Teddy Thompson: Separate Ways CD Review

For fans of the folk-pop scene, Teddy Thompson is not a stranger. At the very least, you have heard of his family. However, for many music fans, the music of the Thompson family has not been heard. His parents, Richard and Linda, are icons in Britain, and their son has picked up their talent and then-some, especially on his sophomore solo release, Separate Ways.

Having been raised in a musical family, Thompson started his first band in his early teens. Then at 18, he moved to Los Angeles to pursue his own musical direction and found himself with a major-label record deal with Virgin. Now, years later, he is more mature, wiser, and his music also shows this very development.

Musically, Separate Ways is striking in its beautiful simplicity. Many songs only feature a couple instruments, yet the melody is always catchy and accessible. In fact, the music is the perfect backdrop to contrast the stark lyrics as Thompson sings of love lost or soon to be and seeing life in hindsight.

“A lot of these songs come from that feeling of growing up and wanting to leave certain things behind, while others are about making sense of your relationships with other people,” says Thompson. “Often, those two things can be quite similar.” This is especially on the stoic title track and the resonating “I Wish It Was Over.”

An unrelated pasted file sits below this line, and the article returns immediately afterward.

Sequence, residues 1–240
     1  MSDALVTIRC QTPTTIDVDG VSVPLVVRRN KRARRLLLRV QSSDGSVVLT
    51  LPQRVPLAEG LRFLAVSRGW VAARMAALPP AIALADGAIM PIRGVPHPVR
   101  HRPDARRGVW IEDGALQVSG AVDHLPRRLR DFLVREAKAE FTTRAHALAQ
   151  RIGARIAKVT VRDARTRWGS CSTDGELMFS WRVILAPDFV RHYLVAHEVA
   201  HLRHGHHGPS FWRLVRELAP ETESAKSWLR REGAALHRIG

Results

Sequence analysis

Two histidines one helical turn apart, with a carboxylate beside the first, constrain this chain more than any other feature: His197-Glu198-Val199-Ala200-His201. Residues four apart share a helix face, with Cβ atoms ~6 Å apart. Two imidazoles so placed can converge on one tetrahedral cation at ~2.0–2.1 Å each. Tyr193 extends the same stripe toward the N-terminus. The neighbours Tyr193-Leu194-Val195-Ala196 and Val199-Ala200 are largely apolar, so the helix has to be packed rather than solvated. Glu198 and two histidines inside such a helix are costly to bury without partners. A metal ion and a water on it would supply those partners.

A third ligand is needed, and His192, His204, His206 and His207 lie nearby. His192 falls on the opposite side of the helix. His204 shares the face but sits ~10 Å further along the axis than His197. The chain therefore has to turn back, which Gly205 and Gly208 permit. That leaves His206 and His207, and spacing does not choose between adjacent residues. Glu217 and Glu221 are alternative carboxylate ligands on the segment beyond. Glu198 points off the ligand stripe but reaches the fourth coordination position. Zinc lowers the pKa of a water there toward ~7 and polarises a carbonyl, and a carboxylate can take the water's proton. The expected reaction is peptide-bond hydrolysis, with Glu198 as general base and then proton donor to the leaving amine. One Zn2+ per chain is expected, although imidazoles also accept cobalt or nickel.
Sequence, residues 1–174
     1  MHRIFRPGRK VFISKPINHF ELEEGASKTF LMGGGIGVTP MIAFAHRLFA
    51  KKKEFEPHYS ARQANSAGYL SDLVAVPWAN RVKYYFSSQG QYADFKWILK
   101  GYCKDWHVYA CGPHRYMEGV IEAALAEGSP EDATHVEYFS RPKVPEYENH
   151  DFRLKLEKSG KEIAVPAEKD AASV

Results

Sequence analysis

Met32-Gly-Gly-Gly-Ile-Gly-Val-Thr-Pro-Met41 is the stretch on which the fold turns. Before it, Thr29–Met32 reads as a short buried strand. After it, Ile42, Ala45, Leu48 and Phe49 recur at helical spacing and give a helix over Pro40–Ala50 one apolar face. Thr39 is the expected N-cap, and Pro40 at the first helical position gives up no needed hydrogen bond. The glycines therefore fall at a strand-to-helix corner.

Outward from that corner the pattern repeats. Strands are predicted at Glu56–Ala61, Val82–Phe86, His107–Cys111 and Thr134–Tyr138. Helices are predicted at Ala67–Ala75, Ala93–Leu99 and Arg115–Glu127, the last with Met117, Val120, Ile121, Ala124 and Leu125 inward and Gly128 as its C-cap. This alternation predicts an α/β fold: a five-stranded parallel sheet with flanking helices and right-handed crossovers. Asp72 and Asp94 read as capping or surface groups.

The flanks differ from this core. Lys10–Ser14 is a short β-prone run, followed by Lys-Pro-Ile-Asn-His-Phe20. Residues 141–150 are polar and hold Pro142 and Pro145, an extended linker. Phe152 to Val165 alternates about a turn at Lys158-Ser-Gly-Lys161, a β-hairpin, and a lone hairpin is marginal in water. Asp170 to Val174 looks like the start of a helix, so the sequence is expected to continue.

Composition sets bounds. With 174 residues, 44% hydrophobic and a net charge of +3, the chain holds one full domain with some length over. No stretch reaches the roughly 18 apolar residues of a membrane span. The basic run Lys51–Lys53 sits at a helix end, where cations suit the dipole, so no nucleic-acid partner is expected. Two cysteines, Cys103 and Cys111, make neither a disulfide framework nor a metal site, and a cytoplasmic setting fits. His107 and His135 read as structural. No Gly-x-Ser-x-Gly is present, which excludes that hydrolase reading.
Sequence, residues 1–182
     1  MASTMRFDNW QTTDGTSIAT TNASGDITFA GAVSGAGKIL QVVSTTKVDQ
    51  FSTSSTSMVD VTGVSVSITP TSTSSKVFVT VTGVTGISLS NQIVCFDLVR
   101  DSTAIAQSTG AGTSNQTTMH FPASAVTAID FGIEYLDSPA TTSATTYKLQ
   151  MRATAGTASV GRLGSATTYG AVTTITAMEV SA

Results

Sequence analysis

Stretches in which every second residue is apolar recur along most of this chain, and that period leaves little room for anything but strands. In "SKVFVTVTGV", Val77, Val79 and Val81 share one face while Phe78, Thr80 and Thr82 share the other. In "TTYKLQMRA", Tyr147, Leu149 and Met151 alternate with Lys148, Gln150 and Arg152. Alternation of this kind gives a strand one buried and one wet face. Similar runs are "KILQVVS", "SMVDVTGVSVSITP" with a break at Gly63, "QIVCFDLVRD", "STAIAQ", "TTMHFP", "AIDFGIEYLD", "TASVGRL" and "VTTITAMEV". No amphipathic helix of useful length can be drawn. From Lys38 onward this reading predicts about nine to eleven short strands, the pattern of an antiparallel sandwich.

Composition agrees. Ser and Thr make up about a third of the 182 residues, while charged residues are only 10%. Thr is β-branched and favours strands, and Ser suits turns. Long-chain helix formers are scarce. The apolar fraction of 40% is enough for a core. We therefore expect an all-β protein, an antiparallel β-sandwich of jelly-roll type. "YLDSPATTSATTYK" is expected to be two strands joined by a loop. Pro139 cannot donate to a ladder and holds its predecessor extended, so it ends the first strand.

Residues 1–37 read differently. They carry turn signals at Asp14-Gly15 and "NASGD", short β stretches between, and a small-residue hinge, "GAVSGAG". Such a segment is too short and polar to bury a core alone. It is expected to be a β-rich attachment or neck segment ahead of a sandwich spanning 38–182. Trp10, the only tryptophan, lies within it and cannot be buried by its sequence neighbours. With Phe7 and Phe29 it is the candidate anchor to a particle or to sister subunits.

There are so many highlights here from the electronica (yes, electronica!) on the album’s opener “Shine So Bright” to the tragic “Sorry To See Me Go.” And not only are the songs this good, but the guest list is even stronger. Thompson’s parents are featured on a couple tracks. Others include Rufus and Martha Wainwright, drummer Matt Chamberlain (David Bowie, Fiona Apple) and keyboardist Garth Hudson of The Band.

Ultimately, Separate Ways is an album that is complete on so many levels. Thompson’s future is limitless as he shows a maturity that will definitely lead to a long career.

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